Bill Gates stated that banks were dinosaurs-then he said he meant it was their systems that were dinosaurs. Meanwhile, the U.S. financial services industry is spending $35 billion a year on technology.

Can we reconcile these statements?

The truth is that many bank systems do go back hundreds of years. Some methods, procedures, and functions have never changed. They never had to.

Consider as an illustration the data processing arrangements of the British Post Office Savings Bank. Started in 1861 by William Gladstone, the POSB quickly became the world's largest savings bank; it had 12.4 million accounts by 1920. Depositors could use any of 10,000 post offices, and these people averaged 2.5 transactions per year.

(My source is Martin Campbell-Kelly, "Data Processing & Technological Change: The Post Office Savings Bank, 1861-1930," published in Technology and Culture, University of Chicago Press, Vol. 39, No. 1, Jan. 1998.)

Transaction processing was done entirely on paper and by hand.

Yet many systems for organizing and processing data were remarkably similar to today's. Understanding which ones were, and why, gives an insight into the dinosaur.

We live in a world where half or more of banks' paper has been replaced with electrons. Some things have changed since Victorian days, and some have not.

All POSB accounts were maintained centrally in hand-written, fixed-page ledger books, one ledger per post office, one account per page. Deposits and withdrawals were manually copied into the ledgers daily, having been transmitted among the post offices on large "account sheets."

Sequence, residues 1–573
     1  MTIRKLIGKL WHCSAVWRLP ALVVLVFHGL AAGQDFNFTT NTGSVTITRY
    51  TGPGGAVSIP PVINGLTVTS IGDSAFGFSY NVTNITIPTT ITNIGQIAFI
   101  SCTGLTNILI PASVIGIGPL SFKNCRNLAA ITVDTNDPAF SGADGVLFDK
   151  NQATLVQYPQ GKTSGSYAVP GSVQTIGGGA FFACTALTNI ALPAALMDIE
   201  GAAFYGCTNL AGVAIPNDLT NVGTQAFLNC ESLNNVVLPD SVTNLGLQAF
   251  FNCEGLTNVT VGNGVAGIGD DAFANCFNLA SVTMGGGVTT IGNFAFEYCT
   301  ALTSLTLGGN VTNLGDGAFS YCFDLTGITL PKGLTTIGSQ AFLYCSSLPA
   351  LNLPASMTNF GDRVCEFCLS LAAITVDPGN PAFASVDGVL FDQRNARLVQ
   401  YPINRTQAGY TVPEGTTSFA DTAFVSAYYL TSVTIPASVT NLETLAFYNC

The analogy to today's centralized batch-processing is fairly clear.

In the Victorian era, signature verification was used on warrant requests. It still is used on high-value checks.

Clerks also did all the correspondence, copying, sorting, balancing, reconciling, and interest-posting manually. At its peak, the POSB's 4,000 employees handled 7,000 to 10,000 transactions/ year/employee. The 400,000 back-office employees in U.S. banking today handle 100 billion to 200 billion transactions a year, a productivity rate 25 to 70 times greater.

Low productivity in the old days required some bizarre operational practices. For example, the POSB did not keep a running account balance. Clerks would simply inspect the ledger entries when approving a warrant.

The interest algorithm of 0.5 pence per month per whole pound was designed to allow easy figuring. Depositors had to send their passbooks in to have interest posted-which happened once a year. There were never any customer statements.

The POSB's net interest margin was only 50 basis points, so costs were of paramount concern. They were addressed through numerous process refinements, use of low-cost labor, and elimination of work steps where possible. Yet the bank resisted the then-available mechanization in strikingly modern ways.

Loose-leaf or card-based ledgers were a huge improvement on fixed-leaf ledgers. (In 1910, the POSB had recopied by hand more than two million accounts in 35,000 fixed-leaf ledger books, simply to purge them of old accounts.) It was a change POSB management had delayed for 30 years, worried about the growth of fraud, conversion costs, and general disruption. When the conversion finally occurred between 1925 and 1930, POSB chose elaborate proprietary card-based systems, unique tables, specially designed posting machines, and so forth, locking itself into a technological dead end.